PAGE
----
HOW I MANAGE MY SLAVES

BITTER REALITIES

An Economic Classic

“If you wish to keep slaves, you must have all kinds of guards. The cheapest way to have guards is to have the slaves pay taxes to finance their own guards. To fool the slaves, you tell them that they are not slaves and that they have Freedom. You tell them they need Law and Order to protect them against bad slaves. Then you tell them to elect a Government. Give them Freedom to vote and they will vote for their own guards and pay their salary. They will then believe they are Free persons. Then give them money to earn, count and spend and they will be too busy to notice the slavery they are in.”

How I Manage My Slaves; Slaves need electricity so that they can stay up later to work and study to be able to pay their electric bills and pay for…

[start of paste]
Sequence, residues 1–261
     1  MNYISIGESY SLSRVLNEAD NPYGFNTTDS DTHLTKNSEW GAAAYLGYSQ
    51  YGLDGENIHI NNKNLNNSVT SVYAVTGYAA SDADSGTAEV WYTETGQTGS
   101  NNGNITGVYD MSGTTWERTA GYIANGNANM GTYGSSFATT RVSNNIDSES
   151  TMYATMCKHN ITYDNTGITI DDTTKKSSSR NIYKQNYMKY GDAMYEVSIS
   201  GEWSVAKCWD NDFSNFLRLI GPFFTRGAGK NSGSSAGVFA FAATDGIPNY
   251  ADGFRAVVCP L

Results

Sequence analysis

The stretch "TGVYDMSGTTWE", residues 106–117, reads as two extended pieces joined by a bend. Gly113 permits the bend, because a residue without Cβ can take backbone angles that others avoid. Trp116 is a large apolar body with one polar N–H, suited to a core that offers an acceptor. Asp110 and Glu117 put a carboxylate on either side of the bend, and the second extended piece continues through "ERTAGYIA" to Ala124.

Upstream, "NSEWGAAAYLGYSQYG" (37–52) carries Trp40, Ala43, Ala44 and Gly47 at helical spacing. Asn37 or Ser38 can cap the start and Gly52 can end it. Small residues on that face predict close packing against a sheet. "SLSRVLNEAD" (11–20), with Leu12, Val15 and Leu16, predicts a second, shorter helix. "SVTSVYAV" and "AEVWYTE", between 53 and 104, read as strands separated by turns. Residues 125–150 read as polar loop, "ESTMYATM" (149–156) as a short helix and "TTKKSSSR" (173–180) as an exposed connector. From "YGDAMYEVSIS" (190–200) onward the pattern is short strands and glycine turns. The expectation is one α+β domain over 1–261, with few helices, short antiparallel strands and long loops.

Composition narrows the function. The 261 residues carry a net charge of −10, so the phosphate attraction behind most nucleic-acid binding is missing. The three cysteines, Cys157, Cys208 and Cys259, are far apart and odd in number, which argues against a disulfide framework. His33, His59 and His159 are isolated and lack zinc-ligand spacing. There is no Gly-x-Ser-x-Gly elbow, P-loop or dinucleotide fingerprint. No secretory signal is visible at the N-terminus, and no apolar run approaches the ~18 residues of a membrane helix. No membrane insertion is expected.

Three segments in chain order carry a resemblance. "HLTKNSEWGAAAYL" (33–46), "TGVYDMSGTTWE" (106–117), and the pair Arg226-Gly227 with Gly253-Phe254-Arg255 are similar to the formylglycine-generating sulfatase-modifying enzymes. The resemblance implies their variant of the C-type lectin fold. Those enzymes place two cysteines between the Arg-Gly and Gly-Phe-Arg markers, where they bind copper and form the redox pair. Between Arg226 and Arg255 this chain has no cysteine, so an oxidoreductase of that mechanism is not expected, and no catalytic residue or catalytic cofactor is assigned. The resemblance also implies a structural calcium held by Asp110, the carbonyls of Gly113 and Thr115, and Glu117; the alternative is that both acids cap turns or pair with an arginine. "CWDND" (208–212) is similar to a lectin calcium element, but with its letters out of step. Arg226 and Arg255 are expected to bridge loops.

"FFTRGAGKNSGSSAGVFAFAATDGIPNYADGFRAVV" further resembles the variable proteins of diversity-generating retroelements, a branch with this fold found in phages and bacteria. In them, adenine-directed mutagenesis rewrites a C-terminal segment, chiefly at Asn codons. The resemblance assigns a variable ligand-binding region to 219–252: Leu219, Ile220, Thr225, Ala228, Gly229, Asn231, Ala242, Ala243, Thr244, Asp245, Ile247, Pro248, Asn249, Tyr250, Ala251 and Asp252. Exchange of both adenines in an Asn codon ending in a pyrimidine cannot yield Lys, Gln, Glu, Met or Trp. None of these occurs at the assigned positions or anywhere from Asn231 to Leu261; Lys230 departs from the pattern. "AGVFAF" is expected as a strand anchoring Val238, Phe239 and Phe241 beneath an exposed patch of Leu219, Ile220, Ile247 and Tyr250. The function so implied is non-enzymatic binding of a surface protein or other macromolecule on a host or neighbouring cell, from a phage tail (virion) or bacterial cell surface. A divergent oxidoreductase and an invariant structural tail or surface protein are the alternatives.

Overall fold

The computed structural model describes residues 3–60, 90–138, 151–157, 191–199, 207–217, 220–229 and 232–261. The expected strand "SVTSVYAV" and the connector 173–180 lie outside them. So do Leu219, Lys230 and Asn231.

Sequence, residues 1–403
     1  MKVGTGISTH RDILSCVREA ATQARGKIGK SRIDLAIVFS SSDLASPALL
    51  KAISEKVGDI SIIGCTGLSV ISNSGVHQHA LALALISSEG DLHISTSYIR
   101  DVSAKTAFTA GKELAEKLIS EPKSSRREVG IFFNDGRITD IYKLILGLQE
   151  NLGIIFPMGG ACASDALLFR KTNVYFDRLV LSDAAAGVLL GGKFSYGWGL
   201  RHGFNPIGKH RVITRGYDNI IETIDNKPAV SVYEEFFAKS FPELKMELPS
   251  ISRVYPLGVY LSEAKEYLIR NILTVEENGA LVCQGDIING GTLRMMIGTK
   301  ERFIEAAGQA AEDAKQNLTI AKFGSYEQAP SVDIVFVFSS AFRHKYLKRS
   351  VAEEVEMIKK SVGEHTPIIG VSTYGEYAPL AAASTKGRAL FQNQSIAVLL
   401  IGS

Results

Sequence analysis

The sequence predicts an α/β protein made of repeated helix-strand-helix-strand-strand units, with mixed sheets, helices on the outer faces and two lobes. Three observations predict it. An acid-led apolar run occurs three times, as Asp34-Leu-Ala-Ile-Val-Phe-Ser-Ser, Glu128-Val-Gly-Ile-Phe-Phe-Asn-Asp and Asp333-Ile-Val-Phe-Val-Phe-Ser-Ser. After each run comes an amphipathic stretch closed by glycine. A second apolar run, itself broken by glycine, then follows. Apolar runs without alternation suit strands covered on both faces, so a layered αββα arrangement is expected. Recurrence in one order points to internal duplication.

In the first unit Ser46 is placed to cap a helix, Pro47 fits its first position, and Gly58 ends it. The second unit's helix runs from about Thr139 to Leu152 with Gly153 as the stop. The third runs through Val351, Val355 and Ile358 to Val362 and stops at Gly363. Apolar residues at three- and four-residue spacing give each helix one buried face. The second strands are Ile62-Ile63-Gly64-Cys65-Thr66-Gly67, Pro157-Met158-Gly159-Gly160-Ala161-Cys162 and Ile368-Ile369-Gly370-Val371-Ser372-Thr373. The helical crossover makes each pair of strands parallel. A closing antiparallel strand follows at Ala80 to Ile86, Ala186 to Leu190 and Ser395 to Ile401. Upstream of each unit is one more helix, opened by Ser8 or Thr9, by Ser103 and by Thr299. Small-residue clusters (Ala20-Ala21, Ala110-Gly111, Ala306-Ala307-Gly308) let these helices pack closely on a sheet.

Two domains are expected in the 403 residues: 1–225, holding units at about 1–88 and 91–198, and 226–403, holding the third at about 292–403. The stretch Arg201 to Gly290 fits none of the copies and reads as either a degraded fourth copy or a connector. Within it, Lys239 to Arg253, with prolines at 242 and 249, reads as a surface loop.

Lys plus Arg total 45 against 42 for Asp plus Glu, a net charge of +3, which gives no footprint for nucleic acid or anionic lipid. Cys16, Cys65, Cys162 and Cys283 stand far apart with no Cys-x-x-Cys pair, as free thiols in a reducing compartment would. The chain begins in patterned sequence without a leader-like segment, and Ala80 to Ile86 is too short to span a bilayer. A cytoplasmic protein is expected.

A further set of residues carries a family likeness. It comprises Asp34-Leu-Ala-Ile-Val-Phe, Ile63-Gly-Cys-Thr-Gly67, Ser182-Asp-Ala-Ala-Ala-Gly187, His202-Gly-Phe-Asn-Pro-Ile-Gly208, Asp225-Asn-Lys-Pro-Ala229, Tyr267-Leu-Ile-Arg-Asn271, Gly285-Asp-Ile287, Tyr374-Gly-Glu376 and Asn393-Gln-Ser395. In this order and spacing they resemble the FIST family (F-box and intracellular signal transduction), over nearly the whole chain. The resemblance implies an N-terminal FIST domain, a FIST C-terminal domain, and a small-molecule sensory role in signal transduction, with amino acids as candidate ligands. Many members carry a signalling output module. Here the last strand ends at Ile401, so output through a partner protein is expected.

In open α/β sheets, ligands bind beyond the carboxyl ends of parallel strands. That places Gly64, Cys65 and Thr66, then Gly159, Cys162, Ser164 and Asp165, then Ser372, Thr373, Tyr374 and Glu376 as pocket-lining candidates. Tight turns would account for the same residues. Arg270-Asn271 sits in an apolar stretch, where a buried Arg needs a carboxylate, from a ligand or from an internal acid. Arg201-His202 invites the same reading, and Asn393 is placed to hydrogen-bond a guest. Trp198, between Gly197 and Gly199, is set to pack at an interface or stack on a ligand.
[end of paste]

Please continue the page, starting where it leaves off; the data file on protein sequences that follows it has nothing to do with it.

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Minimum Wage Laws, Jobs, and the Sobering Impact of Decentralization

“If you admire hypocrisy, here’s a headline to celebrate Equal Pay Day”

International Liberty

The real world is like a cold shower for our friends on the left. Everywhere they look, there is evidence that jurisdictions with free markets and small government outperform places with big welfare states and lots of intervention.

That’s true when comparing nations. And it’s also true when comparing states. That must be a source of endless frustration an disappointment for statists.

Speaking of disappointed statists, the real world has led to more bad news. The left-wing Mayor of Baltimore campaigned in favor of a $15 minimum wage, but then decided to veto legislation to impose that mandate. The Wall Street Journalopines on this development.